Freedom of Press

Freedom of the press in the United States is protected by the First Amendment. It is generally interpreted as prohibiting the government from interfering with the printing and distribution of information or opinions, although freedom of press is subject to some restrictions, such as defamation law and copyright law.

A case involving freedom of the press dealt with Harry Crosswell was charged of libel for printing the story stated many bad things about Thomas Jefferson. Back then you were not allowed to say anything bad and publish it. Everything needed government approval before being published and Harry Crosswell did not get the approval before publishing it.

Recently there was a case dealing with a school newspaper publisher that was talking about drugs and a women said that in the article he was promoting drugs. That was not his intention and he made sure that it was not written like that. The women said it was not protected in amendment one, but the boy was correct and it was protected by the first amendment.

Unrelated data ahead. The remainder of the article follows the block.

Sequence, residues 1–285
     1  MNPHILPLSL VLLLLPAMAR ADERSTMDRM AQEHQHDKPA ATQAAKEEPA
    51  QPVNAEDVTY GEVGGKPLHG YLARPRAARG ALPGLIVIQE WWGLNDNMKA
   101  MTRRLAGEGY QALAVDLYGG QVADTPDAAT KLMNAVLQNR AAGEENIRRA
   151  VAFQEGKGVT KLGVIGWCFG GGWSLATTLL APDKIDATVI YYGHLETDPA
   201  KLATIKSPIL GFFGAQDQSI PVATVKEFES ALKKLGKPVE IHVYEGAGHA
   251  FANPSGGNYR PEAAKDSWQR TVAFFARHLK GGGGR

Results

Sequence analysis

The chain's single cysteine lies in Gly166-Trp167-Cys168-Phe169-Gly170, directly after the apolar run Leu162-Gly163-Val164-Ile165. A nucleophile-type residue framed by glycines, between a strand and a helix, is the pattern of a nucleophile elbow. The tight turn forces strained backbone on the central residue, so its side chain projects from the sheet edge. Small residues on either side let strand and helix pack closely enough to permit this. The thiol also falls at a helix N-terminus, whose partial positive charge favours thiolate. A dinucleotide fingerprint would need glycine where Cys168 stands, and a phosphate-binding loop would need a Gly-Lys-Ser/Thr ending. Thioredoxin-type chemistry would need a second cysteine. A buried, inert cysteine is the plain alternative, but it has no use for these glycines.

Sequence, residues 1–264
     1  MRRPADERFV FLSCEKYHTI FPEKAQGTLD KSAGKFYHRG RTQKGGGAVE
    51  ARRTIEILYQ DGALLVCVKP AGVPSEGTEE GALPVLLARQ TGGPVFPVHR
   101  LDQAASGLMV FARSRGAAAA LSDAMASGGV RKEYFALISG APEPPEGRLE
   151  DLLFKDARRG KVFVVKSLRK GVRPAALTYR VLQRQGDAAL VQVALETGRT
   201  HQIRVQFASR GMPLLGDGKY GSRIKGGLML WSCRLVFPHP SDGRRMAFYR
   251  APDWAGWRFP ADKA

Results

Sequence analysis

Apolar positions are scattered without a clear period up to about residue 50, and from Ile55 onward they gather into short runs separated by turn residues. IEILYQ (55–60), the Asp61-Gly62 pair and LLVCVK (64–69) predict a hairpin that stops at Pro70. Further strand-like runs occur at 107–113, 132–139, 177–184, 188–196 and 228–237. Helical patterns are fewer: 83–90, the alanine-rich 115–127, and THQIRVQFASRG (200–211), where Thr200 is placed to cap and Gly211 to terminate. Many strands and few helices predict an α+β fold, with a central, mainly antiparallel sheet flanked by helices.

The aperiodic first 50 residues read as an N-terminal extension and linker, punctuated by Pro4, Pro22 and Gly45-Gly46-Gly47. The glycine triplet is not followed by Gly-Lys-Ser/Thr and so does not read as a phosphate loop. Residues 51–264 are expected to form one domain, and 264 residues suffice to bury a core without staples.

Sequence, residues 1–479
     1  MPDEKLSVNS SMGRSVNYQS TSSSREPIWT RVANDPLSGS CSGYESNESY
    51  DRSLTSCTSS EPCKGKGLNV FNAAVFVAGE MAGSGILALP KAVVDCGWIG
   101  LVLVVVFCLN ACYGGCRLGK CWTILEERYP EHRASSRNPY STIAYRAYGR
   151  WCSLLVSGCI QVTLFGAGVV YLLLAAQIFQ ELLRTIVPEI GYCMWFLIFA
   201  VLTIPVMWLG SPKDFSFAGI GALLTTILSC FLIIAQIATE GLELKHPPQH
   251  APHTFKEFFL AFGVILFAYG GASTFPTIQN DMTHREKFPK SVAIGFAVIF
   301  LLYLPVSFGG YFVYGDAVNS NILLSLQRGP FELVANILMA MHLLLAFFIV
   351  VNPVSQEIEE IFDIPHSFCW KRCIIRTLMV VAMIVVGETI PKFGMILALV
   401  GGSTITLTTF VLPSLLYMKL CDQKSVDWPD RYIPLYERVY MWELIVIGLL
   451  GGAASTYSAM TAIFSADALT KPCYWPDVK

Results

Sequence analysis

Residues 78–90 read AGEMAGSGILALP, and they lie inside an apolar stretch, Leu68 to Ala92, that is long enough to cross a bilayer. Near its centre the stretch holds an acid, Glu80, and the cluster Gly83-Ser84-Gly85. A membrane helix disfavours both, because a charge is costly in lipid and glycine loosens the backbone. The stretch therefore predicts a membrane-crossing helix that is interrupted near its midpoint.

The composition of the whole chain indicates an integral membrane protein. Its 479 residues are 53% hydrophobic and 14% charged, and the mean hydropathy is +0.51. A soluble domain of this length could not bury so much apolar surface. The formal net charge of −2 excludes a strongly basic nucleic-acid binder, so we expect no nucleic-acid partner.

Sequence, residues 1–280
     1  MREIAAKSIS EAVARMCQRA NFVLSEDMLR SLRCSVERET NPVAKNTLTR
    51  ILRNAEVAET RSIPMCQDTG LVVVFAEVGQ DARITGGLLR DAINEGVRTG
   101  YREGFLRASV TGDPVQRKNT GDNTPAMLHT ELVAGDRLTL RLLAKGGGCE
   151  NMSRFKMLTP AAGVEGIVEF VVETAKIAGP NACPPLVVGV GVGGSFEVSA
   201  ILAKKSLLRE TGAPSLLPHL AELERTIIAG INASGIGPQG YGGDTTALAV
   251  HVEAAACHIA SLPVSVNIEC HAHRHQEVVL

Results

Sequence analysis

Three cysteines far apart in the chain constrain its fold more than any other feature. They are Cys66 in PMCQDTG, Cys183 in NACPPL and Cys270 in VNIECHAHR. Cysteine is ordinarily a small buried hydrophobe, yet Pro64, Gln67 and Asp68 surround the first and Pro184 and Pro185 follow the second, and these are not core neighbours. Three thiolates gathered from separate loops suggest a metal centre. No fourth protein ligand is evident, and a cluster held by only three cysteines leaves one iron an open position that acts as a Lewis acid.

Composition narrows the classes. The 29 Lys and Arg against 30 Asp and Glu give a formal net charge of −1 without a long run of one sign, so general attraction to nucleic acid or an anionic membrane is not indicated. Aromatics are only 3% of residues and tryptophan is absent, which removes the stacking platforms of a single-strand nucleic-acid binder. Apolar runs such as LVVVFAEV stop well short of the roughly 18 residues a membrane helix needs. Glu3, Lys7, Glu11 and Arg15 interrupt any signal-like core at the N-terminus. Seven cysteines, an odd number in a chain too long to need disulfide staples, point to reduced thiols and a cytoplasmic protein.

I highly support this portion of the first amendment because it allows normal people to read and find out what they want to know as well as the people that the item that was published about has some privacy.

Freedom to Assemble

Freedom to Assembly is the individual right to come together and collectively express, pursue, promote, and defend common interests. The right to freedom of association is recognized as a human right, civil liberty, and political right. Freedom of assembly is usually used in the words, the right to protest.